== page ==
Saturday , June 19 2021

What is CRISPR-Cas9? The revolutionary gene-editing tech

Until you want to, say, a dry resistant corn plant, your options are very limited. You can try for selective breeding, try sedimentation in the hope of a beneficial change, or try to completely insert a snap of DNA from another organism.

But these were long-winded, impatient or expensive – and sometimes all three at once. Enter CRISPR. Precise and inexpensive to produce, this small molecule can be programmed to direct the DNA of organisms to the specific genes.

The development of cheap, relatively easy gene editing has opened a smash board of new scientific capabilities. In the United States, CRISPR-acquired long-life podcasts have already been approved by the authorities, while elsewhere researchers are exploring sharp tomatoes and peach-flavored strawberries.

However, the game-changing technology can have the greatest impact when it comes to human health. If we cause the troublesome mutations to cause them genetic diseases – such as hemophilia and disease-anemia anemia – we can all end them. The pathway for human gene editing is contrasted with controversy and fierce label dilemma, however, as the news in the end of 2018 that – against all ethical guidance – a Cynical scientist set the first gene-edited babies.

Here is everything you need to know about the complex and sometimes controversial technology that carries the next edition revolution.

What is CRISPR?

CRISPR developed as a way for some types of bacteria to defend against viral invaders. Each time they visited a new virus, DNA snaps were extracted from that virus and made a copy to store their own DNA. "They collect a set of sequins that they've experimented with," says Malcolm White, a biologist at the University of St. Andrews, & # 39; this [bacteria] Essentially, a small library brings them into their genome. "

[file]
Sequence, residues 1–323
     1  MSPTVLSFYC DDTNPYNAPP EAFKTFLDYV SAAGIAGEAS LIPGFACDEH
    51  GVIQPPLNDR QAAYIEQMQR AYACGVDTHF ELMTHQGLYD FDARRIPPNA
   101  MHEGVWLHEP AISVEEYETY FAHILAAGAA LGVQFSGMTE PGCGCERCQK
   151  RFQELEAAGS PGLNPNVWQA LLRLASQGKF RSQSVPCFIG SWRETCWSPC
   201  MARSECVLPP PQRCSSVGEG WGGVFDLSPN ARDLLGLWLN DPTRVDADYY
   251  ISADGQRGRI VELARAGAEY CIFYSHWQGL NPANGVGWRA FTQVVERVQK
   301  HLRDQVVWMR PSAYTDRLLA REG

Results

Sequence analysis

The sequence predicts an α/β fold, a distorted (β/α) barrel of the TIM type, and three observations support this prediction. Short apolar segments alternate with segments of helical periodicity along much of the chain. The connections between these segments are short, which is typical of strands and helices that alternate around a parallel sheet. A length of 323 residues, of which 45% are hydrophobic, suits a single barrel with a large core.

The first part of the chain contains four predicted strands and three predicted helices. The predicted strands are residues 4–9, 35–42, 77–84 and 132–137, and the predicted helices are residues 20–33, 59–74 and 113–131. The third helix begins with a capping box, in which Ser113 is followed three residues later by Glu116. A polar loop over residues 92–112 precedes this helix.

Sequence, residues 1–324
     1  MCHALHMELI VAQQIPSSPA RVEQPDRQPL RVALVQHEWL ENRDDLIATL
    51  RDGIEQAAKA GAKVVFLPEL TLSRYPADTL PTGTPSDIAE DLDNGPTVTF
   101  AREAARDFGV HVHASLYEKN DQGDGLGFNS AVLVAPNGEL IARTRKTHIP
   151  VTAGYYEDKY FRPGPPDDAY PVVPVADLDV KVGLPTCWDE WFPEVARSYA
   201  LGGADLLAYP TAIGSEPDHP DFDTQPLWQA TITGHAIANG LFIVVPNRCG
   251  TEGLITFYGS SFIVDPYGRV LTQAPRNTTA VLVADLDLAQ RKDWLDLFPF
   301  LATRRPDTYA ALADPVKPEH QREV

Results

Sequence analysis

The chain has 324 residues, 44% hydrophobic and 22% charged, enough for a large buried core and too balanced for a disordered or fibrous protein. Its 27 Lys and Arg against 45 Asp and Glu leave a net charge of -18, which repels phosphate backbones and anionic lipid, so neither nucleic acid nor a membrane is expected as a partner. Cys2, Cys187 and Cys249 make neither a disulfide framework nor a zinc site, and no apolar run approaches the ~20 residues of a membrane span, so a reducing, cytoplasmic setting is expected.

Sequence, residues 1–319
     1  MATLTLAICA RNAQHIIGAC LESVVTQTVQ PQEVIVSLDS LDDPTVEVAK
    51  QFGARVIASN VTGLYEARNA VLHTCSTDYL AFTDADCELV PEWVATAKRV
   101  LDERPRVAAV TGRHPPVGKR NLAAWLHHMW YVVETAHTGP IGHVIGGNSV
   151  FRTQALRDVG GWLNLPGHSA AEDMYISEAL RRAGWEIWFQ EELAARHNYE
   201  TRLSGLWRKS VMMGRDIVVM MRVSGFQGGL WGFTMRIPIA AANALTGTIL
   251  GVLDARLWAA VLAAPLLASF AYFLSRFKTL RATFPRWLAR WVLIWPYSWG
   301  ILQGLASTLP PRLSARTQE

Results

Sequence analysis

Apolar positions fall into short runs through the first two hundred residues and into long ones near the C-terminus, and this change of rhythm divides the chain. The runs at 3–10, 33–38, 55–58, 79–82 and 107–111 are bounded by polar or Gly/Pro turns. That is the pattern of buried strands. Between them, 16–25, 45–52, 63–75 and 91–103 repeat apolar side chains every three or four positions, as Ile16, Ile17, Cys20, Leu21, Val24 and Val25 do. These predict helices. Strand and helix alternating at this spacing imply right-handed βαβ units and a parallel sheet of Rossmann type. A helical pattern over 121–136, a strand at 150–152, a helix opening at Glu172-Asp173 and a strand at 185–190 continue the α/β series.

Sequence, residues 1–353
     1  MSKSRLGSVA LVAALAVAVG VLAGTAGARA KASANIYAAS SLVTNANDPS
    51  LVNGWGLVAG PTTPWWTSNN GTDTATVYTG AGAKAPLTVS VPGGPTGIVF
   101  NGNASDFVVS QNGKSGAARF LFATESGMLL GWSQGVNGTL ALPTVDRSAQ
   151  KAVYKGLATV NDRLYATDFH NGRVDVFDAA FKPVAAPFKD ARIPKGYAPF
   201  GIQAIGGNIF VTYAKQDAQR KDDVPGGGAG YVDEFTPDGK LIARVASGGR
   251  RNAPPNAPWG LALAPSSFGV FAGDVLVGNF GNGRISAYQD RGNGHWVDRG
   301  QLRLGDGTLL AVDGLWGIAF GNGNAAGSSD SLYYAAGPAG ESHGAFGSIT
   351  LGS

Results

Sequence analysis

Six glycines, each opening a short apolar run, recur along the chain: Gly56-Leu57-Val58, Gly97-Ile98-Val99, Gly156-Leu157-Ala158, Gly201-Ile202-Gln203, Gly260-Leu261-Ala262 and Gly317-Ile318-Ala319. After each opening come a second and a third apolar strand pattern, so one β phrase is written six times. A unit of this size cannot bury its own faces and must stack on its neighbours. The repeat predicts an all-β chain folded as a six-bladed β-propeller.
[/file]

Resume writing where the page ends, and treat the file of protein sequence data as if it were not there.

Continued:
To send the library analogue, these scraps of viral DNA are as small books – each containing the data that they laugh at and the successful removal of a virus is losing its success. And in-between these useful DNA stones are some smaller useful songs of repetitive DNA that kept them angry – like a kind of molecular book.

These repetitive segments of DNA give CRISPR its name – Clustered Regularly Interspaced Short Palindromic Repeat – but it's really the bits between this repetition that makes CRISPR so useful. These useful bits are called awkward as spasters, and each one has a reference to the DNA of a file that came with the backlinks (or their ancestors) in the past. If a previously unknown virus is in the back, add another spacer to its library of earlier attacks.

If a virus of the same species attacks again, the spacer will match that virus & # 39; common swinget in action. It's a little bit like the way our own immune systems can recognize a grypirus when we have vaccinated the year. The spacer session has been changed to RNA – a molecule that contains DNA messages – and hunts the comparative piece of viral DNA. Once, it finds an enzyme present in an RNA string as a few biological strands, the waste of the target group and the removal of & # 39; e virus harmless.

You have heard the system called CRISPR-Cas9 and just CRISPR. In this case, the Cas9 bit refers to the enzyme used to cut the target group. "We can program [Cas9] It makes it easy to influence and be very specific to one DNA session, so it won't say what is going on, "White says. Other types of enzymes can be affected in gene editing – Cas12 and Cpf1 – but they all work on the same basis.

How does it work

Of course this is all useful only if you are a baker. So how can we make an anti-virus definition mechanism in one thing, which can allow our human take part?

Instead of cracking down on the molecules for them, scientists have worked out what their own versions of CRISPR molecules do in & # 39; to create a life. To get started, they need to run the sector of the DNA they want to target. For a conditional disease anemia, caused by a mishap in a single gene, this is relatively easy, if we have already done the gene that will cause this disease and exactly that genetic code knows we are trying.

The banana is star. The races are new to the race before it's too late